Before I became a copywriter, I spent 29 years working with brands. The power of those brands allowed me to create multi-million dollar businesses around the globe.
That’s a nice piece of change.
It worked because each brand had a clear identity that resonated with certain consumers. In fact, the product itself was often secondary. How people connected with the brand – how the brand made them feel – is what drove sales.
That feeling is the emotion direct response copywriters tap into when we write. It’s our pixie dust.
So I wasn’t expecting the kind of reaction I got to the idea of “branding” among my new direct response copy tribe.
“We don’t do brands.” And that was the kindest of the various ways it was expressed to me.
Geesh … what’s the rub?
I was concerned that being branded a “brandophile” (sorry, I couldn’t help myself) would leave me an outcast.
That is until I read Eugene Schwartz’s 1966 classic, Breakthrough Advertising. As a copywriter, it’s one of the must read books.
“One of the most potent discoveries of motivation research,” according to Schwartz, “is that a product, or a store, or a whole group of products has a distinct and complete personality to the consumer. This personality is a complex quality, embracing many traits.”
In case you missed it that has brand written all over it.
In my former brand world, we went to great lengths to identify a brand’s personality.
From that we built its unique selling proposition (USP). And then the brand message – what people could expect when they engaged with the brand.
These are part of a brand’s emotional identity. A brand’s emotional identity is what people connect with… and it lays the foundation for massive growth.
To give you an example of what I mean by emotional identity, let’s look at brand personality in the automobile industry. The purpose of a car is to get you from one place to another. But the kind of car, the brand, makes the difference in how the driver feels making the trip.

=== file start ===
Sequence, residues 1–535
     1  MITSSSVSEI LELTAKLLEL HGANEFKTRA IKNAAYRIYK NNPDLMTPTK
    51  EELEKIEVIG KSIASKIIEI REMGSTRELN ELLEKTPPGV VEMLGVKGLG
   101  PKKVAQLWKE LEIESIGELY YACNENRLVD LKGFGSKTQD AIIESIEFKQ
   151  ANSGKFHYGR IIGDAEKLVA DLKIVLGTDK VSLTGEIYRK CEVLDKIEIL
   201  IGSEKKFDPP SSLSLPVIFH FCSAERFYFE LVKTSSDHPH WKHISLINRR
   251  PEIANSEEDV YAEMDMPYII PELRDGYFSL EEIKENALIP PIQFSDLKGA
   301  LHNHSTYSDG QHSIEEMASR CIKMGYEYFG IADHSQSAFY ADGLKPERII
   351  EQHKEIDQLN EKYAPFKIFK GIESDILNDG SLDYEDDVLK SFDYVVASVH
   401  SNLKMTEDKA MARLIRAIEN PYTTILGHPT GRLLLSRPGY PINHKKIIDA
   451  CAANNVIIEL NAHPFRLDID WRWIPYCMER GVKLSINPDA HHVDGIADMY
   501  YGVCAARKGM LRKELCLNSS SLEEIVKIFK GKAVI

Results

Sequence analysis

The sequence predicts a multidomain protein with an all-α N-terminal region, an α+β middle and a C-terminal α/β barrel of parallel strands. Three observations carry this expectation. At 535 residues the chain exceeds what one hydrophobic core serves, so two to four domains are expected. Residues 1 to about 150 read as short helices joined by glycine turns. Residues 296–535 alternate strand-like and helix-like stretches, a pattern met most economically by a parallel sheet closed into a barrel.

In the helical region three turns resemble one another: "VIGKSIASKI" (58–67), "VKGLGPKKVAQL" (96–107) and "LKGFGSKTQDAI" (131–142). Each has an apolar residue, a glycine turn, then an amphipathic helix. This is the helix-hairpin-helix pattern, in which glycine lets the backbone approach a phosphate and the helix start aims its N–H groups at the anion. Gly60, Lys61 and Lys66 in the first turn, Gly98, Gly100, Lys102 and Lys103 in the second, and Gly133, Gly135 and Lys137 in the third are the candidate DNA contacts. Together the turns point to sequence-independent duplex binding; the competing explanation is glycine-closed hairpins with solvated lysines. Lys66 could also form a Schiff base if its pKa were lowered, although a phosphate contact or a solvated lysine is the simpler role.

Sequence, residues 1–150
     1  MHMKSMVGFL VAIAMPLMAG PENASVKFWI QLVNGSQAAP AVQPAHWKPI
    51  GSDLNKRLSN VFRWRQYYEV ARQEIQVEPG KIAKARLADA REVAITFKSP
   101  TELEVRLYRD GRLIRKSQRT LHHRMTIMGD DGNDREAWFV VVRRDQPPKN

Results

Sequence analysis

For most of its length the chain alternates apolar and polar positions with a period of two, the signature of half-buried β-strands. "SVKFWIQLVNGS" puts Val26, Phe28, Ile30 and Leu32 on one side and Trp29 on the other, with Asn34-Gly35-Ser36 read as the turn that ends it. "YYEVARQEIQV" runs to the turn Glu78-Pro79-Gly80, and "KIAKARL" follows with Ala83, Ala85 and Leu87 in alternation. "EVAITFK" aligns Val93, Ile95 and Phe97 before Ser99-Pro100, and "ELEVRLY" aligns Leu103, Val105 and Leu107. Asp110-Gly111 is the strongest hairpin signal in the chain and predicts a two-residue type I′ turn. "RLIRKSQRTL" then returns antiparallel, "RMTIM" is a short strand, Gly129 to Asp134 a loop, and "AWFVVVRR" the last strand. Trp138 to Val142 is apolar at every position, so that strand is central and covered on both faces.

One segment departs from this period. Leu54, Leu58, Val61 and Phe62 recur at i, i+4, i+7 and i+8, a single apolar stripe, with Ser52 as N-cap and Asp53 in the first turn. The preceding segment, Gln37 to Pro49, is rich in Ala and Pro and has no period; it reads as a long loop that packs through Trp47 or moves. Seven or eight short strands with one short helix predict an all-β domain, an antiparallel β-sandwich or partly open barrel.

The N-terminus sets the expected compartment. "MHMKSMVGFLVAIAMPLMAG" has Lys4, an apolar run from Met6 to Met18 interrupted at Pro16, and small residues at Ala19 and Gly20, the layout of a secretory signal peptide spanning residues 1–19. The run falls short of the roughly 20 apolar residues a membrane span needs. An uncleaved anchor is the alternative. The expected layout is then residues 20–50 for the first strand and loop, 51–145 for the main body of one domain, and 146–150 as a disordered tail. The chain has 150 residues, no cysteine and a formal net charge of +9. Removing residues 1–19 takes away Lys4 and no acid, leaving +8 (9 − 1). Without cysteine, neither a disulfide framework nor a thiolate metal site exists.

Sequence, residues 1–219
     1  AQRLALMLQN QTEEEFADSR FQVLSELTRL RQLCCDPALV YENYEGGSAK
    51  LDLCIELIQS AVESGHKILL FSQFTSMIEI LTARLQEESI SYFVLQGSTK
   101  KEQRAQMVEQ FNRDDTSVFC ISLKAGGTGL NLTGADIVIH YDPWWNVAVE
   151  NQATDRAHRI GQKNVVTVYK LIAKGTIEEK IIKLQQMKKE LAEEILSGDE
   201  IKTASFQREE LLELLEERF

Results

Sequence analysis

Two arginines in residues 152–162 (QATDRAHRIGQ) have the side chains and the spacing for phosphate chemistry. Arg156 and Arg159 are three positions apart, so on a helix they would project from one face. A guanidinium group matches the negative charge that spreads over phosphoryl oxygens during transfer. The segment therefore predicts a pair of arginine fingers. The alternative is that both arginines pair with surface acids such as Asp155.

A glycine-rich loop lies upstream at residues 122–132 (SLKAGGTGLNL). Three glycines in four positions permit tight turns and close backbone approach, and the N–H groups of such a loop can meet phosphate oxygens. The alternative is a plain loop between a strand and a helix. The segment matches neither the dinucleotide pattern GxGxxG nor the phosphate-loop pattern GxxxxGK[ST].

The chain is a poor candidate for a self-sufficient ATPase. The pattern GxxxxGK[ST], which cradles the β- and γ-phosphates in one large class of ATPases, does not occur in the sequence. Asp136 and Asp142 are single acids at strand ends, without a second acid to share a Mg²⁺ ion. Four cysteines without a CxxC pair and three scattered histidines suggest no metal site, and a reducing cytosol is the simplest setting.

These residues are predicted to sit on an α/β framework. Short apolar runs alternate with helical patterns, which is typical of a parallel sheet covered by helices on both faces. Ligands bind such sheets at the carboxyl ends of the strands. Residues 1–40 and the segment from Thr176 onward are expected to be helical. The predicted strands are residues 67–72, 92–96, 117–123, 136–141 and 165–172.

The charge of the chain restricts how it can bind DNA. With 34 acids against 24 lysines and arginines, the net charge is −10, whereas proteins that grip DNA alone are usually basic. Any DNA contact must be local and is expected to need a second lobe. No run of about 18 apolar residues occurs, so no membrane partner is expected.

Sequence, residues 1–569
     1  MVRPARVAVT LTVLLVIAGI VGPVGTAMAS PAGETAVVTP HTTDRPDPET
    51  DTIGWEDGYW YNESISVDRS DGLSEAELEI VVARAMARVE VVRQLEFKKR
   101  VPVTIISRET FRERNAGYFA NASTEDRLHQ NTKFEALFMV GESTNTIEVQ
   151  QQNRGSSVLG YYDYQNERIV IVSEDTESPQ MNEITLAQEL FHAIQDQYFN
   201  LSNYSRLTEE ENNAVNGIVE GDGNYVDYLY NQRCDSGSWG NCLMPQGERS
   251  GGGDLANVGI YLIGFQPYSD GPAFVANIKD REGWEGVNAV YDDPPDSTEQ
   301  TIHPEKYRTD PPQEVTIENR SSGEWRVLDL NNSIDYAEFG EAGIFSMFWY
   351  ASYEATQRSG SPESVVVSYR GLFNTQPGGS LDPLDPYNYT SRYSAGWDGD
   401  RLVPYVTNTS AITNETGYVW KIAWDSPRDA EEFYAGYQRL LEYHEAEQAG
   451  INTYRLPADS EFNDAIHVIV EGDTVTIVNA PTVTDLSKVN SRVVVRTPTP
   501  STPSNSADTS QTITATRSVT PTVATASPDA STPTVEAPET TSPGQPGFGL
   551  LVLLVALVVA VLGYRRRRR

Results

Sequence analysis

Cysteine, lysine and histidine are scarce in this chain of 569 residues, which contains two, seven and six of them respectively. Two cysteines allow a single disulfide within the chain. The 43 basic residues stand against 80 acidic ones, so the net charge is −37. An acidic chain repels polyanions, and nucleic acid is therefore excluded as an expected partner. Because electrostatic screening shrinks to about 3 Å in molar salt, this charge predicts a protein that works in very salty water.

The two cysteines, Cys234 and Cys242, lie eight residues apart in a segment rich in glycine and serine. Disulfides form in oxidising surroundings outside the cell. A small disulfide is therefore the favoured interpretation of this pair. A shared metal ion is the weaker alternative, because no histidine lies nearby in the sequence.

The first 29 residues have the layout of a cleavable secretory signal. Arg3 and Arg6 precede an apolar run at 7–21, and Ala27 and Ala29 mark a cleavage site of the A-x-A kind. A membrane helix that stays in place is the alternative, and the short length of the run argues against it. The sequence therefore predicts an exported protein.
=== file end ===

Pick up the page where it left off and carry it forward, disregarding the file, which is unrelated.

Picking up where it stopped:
What qualities and traits come to mind when you think of Jeep, Tesla and Rolls Royce? They each have their own personality. And their personality will lead you to draw conclusions about the car owner – what they value and what they want the world to think of them.
Tapping into these qualities and traits is crucial to writing good copy. That means a copywriter can’t write without understanding the brand behind the product.
Schwartz goes into this even further in his chapter on Identification. To me, that chapter could include the subhead:
Your Brand Is Your Secret Weapon To Achieving Direct Response Super Sales
As marketers and copywriters, we know the decision to buy is first made on an emotional level. Then it’s validated rationally.
Schwartz describes this as the two separate buying reasons every product offers:
1. Functional (the product’s features)
2. A non-functional, or “super-functional” value
At the core of the super-functional value is emotion. Schwartz calls it the Longing for Identification.
“The desire of your prospect to act out certain roles in his life… To define himself to the world around him – to express the qualities within himself that he values, and the positions he as attained.”
In other words, the brands you use tell the world about who you are as a person. Or at least how you want the world to see you. And good copy will show the product is the best way for the prospect to achieve the kind of identification he longs for.
So understanding the brand is just as important as understanding the prospect. And how you connect the two will make or break your copy.
While discovering your brand isn’t complicated, it does take some time and thought.
You need to know the right questions to ask.
Schwartz focuses on personality, so let’s start there, too …
If you’re a business owner, the two questions below will help reveal your brand’s personality. If you’re a copywriter, ask your client for their brand guide. It should describe the brand’s emotional identity. If they don’t have one, add these to the list of questions to ask before you write:
1. How would you describe your brand to someone as if it were a person?
Words and phrases like “quality” and “white glove treatment” don’t work here. To get a better sense of what I mean, here are some examples of brand personality:
Virgin – Maverick, fun, edgy, and hedonistic.
Starbucks – Relaxed, personable and outgoing.
Now think of a handful of personality traits that describe your brand.
2. How do you want people to feel when they engage with your brand?
Describe what you want your customer’s experience to feel like. It will help you define the personality traits you want associated with your brand — that pixie dust essential for connecting your brand and your prospect. And one of Schwartz’s secrets to direct response super sales.
So if you’re involved with direct response, chances are you’ve been “doing brands” all along. Even if you never thought of it that way. And if you haven’t been, take a page or two out of Schwartz’s playbook. Rumor has it, it worked pretty well for him.
Want more help with your brand identity? Pick up a free copy of Brand Magnetism… 3 simple steps to attracting customers and keep them coming back for more. It will walk you through a process to get clear on your brand.
And if you want your own copy of Eugene Schwartz’s Breakthrough Advertising or his other hard to find book, The Brilliance Breakthrough, drop me a note. I’ll point you in the right direction: [email protected]